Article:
- Circle Closed: Merkel, Macron Want EU Border States to Deal with Refugees After Quota System Failure
With no end in sight to the EU refugee crisis, Berlin and Paris look to put the burden of dealing with asylum seekers on the countries where they first register. The seeming return to ‘old rules’ is poised to split Europe further.
During their meeting ahead of the EU summit, German Chancellor Angela Merkel and French President Emmanuel Macron pledged to “jointly and resolutely tackle” what they euphemistically called “secondary movements inside the EU.” An elusive wording used in the so-called Meseberg Declaration adopted by the two leaders effectively means one thing: Macron and Merkel want all the newly arrived asylum seekers and migrants to stay in the EU countries where they were first registered while their cases are being processed. This would leave the EU southern member states to deal with the new arrivals alone.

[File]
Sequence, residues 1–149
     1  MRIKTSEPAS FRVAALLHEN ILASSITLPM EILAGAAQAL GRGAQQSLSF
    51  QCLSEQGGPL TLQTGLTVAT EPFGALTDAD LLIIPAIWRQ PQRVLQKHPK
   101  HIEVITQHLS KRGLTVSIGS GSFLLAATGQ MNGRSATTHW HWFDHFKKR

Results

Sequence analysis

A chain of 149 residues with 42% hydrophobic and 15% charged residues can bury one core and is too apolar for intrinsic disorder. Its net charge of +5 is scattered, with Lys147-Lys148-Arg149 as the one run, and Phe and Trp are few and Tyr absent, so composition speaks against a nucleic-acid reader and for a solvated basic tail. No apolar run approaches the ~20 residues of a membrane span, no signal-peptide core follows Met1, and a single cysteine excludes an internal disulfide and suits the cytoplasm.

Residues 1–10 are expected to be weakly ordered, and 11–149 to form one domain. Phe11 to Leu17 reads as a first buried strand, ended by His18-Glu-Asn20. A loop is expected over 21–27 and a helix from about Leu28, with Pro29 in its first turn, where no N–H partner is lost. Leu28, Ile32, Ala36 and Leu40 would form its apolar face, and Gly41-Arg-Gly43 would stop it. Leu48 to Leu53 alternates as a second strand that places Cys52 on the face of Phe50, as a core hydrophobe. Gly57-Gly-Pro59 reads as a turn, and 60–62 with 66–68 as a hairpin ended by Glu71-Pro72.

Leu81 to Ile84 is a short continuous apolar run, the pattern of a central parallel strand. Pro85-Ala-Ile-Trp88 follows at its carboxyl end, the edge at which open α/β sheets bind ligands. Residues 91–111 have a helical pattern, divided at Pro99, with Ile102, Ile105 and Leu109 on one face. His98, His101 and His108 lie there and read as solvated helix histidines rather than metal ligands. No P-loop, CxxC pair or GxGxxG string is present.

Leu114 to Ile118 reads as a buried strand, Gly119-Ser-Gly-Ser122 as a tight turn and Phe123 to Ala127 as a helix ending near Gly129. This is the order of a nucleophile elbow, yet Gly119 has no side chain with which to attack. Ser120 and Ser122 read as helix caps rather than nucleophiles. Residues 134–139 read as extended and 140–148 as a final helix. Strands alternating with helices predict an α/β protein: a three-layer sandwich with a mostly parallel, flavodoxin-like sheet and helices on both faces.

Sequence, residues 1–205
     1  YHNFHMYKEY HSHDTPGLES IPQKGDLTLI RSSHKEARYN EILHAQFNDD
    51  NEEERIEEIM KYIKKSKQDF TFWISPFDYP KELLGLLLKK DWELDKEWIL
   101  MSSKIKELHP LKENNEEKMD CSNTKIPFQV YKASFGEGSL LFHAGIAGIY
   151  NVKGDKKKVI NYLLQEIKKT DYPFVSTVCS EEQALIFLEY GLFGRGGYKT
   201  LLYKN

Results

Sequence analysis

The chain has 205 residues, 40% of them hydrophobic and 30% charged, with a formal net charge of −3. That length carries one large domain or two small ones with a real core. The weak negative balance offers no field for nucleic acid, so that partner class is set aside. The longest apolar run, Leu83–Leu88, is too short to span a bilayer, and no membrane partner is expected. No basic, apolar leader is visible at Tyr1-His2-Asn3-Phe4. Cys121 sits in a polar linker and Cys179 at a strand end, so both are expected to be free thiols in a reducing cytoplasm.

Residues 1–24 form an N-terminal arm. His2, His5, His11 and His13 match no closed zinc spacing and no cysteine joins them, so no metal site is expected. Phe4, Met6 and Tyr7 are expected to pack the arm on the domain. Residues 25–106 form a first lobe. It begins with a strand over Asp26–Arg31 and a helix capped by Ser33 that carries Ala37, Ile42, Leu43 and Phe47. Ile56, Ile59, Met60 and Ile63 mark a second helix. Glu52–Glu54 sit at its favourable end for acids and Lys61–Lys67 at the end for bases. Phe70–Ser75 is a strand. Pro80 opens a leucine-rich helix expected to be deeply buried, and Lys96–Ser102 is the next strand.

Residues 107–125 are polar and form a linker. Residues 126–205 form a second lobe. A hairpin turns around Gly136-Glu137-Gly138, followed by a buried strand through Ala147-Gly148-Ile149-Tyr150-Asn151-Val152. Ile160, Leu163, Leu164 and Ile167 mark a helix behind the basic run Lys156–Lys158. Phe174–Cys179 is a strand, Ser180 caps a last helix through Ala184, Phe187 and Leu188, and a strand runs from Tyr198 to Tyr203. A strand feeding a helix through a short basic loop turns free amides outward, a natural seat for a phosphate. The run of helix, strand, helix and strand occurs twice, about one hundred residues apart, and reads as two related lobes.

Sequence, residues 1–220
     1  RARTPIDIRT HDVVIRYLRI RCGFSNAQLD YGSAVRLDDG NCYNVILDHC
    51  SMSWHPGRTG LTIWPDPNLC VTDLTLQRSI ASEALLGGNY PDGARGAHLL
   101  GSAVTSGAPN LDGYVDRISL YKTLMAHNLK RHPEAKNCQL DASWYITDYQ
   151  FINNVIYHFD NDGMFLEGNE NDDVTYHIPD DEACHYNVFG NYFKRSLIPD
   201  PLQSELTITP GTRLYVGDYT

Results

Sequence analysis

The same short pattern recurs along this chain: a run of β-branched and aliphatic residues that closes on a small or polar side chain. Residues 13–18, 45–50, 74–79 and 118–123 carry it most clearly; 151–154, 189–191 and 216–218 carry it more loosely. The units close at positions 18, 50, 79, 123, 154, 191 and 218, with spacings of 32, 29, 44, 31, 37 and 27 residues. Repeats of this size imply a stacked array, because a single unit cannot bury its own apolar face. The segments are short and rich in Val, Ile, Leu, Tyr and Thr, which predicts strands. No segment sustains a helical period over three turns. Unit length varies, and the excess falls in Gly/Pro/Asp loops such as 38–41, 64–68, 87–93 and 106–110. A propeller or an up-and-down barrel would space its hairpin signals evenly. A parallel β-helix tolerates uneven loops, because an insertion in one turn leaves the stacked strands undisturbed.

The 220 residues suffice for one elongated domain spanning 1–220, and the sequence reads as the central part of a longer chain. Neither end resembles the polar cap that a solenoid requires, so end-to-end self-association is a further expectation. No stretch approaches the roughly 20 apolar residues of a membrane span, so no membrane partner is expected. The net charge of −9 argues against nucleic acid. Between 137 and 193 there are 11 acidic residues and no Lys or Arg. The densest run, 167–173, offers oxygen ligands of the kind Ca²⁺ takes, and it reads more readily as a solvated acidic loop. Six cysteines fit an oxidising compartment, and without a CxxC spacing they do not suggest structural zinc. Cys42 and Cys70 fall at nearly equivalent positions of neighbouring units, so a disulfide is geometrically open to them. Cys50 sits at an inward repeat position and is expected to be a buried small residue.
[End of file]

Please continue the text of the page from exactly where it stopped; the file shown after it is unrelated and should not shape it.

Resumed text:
The problem, however, is that the same rules embodied in what is known as the ill-fated EU Dublin Regulation already proved to be dysfunctional at the height of the 2015 refugee crisis.
“It is a de-facto return to the Dublin Agreement, which was disavowed by Merkel herself when she opened Germany’s borders for refugees back in 2015,”Evgenia Pimenova, an expert at the International Studies Center of the Moscow State Institute of International Relations (MGIMO), told RT.